Climate week NYC 2021 has come to an end. The week-long event that started on September 20 showcased more than 500 events virtually from over twenty countries.
The week-long event was organized into seminars ranging from one or two hours, to some lasting all day throughout the week. Some seminars were entirely virtual while others were hybrid with some in person and virtual attendance. The seminars came from all over the world talking about climate issues in Europe to South America. To attend the in-person events in NYC was more difficult this year because of covid restrictions.
However, all talks held at Columbia and Cooper Union Universities were held online and open to the public and they are still available to watch on Youtube. Prominent speakers intervened, ranging from former world leaders such as former Prime Minister of Australia Kevin Rudd, leaders in environmental governance in their home nations to heads of philanthropies, environmental organizations, and CEOs of companies concerned with the corporate world’s responsibility on climate change.
This Climate Week NYC, I had the opportunity to meet with @GovKathyHochul at the @javitscenter during the Nest Summit. Conversations like these empower us with the knowledge to make #sustainable changes in our communities and internationally. https://t.co/5J4xzYODqq pic.twitter.com/KDTKHD9IYk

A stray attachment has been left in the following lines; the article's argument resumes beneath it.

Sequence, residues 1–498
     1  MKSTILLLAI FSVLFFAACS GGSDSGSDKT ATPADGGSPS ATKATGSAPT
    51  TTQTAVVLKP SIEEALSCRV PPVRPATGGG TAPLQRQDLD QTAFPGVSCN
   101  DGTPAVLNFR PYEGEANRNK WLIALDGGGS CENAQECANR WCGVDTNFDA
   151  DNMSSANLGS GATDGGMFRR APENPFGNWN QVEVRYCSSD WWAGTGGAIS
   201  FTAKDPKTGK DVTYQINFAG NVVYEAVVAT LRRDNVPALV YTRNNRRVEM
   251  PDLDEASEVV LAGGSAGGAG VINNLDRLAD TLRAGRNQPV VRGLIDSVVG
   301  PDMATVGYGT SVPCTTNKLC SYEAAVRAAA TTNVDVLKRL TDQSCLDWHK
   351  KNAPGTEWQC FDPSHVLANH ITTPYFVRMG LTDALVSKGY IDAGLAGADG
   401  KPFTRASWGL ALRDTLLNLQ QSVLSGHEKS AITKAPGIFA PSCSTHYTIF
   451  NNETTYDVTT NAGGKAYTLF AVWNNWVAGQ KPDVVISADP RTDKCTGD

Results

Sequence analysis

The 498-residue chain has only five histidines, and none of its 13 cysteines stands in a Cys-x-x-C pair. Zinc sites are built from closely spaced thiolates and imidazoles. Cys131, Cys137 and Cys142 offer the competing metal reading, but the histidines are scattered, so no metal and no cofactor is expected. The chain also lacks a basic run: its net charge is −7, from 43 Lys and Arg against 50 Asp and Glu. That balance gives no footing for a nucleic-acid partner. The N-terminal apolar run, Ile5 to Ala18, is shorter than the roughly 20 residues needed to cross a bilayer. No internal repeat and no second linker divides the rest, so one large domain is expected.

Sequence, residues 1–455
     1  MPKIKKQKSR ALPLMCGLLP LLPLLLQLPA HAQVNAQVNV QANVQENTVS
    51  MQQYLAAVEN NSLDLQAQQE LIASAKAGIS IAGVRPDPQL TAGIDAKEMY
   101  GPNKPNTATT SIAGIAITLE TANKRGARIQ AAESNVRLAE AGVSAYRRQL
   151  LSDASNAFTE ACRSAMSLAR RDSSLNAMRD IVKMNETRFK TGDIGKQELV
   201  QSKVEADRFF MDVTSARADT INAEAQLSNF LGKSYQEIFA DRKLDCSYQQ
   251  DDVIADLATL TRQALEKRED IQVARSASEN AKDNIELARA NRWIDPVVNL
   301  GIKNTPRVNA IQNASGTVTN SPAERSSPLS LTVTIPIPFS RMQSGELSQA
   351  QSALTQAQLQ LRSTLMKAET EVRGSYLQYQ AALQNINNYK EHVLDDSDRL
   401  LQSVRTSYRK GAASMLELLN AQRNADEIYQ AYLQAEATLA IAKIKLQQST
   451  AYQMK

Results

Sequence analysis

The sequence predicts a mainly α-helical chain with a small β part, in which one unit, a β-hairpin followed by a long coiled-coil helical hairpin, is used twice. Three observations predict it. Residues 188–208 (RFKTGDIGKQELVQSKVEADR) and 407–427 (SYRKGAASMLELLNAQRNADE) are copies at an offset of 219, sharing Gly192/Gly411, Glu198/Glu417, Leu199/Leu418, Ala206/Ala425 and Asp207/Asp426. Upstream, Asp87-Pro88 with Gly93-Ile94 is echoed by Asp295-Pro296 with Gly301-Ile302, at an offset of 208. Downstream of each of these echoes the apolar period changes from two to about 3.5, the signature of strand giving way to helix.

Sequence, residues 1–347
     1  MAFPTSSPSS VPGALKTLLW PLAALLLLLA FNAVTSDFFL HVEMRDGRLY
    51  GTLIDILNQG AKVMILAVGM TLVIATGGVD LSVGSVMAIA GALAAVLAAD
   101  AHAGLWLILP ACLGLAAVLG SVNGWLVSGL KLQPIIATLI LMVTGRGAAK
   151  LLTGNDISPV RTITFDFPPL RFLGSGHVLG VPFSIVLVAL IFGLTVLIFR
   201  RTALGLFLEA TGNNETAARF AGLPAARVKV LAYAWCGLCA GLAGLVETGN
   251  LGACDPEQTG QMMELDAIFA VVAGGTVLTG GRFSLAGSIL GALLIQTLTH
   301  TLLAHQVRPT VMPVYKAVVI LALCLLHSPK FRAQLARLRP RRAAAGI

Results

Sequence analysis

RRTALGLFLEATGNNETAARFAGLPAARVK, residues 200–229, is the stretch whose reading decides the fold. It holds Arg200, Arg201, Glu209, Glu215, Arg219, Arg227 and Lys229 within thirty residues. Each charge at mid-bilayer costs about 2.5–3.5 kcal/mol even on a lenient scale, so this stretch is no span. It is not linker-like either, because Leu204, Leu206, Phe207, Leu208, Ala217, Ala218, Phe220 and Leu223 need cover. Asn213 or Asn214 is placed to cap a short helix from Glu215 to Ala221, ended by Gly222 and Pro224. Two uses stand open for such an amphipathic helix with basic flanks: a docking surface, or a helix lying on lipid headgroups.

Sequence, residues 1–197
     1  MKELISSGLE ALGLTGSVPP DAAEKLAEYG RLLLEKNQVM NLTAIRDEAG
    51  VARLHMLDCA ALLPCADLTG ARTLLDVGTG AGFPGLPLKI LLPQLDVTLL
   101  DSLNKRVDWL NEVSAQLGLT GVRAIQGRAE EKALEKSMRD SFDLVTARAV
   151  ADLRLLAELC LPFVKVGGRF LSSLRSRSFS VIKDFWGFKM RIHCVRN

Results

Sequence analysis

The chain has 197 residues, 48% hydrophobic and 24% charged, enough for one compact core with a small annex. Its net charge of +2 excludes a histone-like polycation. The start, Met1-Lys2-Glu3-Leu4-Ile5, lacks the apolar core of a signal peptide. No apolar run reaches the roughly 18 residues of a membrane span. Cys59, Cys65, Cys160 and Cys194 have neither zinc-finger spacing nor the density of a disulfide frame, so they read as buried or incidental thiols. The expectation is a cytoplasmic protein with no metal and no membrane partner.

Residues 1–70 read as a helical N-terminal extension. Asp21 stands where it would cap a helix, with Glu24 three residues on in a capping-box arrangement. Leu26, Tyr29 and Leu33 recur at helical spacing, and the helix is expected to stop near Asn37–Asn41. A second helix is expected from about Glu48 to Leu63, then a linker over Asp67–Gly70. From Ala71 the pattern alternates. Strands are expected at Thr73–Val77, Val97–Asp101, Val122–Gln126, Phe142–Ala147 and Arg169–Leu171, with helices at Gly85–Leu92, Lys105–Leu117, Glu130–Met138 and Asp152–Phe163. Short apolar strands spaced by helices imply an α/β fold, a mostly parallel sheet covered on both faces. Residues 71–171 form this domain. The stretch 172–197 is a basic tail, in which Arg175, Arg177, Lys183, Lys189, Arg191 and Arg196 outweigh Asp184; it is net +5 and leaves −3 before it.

— Marsha Smith (@MarshaSmithCFO) September 27, 2021
Leaders in areas of environmental governance in their home nations took part in panels on how they are addressing issues of climate change specifically related to problems directly within their own countries. This was an opportunity for others around the world to listen in on, learn from, implement, and maybe improve upon how specific issues were being addressed in nations from South America to Europe.
Major corporations CEO’s took part in mentioning and displaying efforts they have made to address climate change in the operations and manufacturing of their products and services. We always hope they are living up to what they say and not just using the event for friendly public relations. It is incredibly important since the latest report from the Intergovernmental Panel on Climate Change has issued a clear call to action to businesses: we must take urgent action now to protect our planet, and to safeguard our future.
How can businesses change the world? By coming together to fight for the climate. We kicked off Climate Week NYC with a Times Square takeover for @climatepledge. Together, the 200 companies that are part of the pledge are showing they have what it takes to combat climate change. pic.twitter.com/txAIHFeqAr
— the community agency (@tcagency_) September 23, 2021
The events ranged from sustainable marketplaces of the future to discussions about restoring seagrass in Bermuda, to hard-hitting panels about divesting from fossil fuels, to cooking shows focused on racial justice, food sovereignty, and climate jobs. Climate jobs were a major topic raised by the Biden administration and transportation secretary Pete Buttigieg to come out of the infrastructure bill addressing climate change.
This year’s climate week seemed more relevant than ever, considering that 2021 was marked by a record hot summer worldwide, wildfires raging across Europe, Australia, and California, and, just before the event started, a hurricane ravaged NYC with substantial flooding causing much damage.